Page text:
In his next Integrity@Work blog for Thinkers50, Roger Steare shares recent research on human morality published by anthropologists at Oxford University. He then explores how these insights can help us build and lead cultures of high integrity at work
Moral philosophers like to argue a lot about normative and descriptive ethics and how each approach helps us to live good lives – or not!
Normative ethics is the study of how we ought to behave. For example, we agree that it is wrong to hurt someone just because they make us angry. In business, we might say that it is wrong to pay a bribe to get a contract.
On the other hand descriptive ethics, as the adjective suggests, is the observation and study of what people actually think, decide and do to create and sustain viable human communities.
Recently, anthropologists at Oxford University have published descriptive ethics research across 60 different cultures and this has identified seven consistent moral principles that have defined the norms and taboos of humanity for the known historical record of our species.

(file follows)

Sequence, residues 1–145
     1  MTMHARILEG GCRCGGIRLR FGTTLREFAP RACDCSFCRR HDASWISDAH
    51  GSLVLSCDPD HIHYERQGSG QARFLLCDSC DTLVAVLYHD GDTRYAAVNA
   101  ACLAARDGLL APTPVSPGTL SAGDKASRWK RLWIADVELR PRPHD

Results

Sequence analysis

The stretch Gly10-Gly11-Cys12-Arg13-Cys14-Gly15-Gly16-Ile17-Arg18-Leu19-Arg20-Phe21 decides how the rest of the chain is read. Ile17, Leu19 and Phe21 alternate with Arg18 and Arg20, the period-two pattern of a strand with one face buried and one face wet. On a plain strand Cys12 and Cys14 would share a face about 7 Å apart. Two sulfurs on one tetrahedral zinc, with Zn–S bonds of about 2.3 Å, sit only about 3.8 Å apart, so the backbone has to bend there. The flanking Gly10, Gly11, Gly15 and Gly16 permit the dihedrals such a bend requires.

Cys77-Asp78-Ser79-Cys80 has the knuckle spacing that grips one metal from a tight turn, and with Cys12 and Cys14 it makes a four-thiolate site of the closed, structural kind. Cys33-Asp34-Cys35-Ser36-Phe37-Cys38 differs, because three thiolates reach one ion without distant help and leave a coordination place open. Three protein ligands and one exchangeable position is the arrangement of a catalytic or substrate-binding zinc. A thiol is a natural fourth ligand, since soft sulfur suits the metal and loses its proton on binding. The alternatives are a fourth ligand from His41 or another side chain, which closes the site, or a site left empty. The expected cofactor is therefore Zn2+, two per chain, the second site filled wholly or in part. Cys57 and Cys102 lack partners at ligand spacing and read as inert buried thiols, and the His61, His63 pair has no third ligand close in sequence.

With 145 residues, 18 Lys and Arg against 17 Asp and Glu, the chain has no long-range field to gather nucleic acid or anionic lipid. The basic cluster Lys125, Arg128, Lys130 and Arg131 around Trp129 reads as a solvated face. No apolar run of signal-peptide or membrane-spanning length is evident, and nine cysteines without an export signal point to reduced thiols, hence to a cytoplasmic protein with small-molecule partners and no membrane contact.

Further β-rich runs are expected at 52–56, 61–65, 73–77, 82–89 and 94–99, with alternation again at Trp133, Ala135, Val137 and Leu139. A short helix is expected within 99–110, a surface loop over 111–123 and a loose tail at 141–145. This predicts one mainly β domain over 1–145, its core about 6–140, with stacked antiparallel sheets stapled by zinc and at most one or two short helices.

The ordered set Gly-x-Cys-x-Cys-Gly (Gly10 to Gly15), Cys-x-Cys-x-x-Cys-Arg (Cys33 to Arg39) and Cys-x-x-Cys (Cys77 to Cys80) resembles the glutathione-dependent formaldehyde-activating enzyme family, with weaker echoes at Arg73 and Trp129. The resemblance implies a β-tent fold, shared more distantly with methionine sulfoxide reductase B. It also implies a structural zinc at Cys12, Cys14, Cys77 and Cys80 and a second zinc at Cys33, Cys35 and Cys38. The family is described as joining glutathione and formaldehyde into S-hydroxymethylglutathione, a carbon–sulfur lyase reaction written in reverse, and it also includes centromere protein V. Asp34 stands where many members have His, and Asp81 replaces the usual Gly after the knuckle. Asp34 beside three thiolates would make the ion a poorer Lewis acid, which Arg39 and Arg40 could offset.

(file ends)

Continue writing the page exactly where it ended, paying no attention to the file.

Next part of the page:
These seven universal principles are:
Help your family
Be a loving parent, care for frail relatives and pass on property to the next generation
Help your group
Join group activities and events, adopt local customs, promote group harmony, unity and solidarity
Forgive people when they apologise, repay debts, fulfil contracts
Divide resources fairly
Divide rewards of collective activity fairly and be willing to negotiate, compromise and come to an agreement
Put yourself at risk to help others
Respect elders and leaders
Be respectful, loyal or obedient to those who lead
Respect other people and their property
Do not hurt others, or steal or damage others’ property
Most of us would agree with most of these in our personal lives with family, friends and neighbours. However do these moral principles also apply to our workplace communities? Do we truly care about our colleagues at work? Do we forgive those at work who make mistakes and apologise? Do senior executives only take their fair share of resources?
What about respect for our workplace elders and leaders? Or do we simply fear them because our jobs and careers can be damaged or destroyed if we do not obey them?
Which of these moral principles do you believe in? Do you experience these same principles at work? What would happen to our workplace communities if these seven moral principles became the norm for all?
Compassion is the basis for morality.Arthur Schopenhauer
Roger Steare is Visiting Professor in the Practice of Organisational Ethics at Cass Business School in London. He also works as The Corporate Philosopher, advising organisations around the world on leadership, culture and ethics.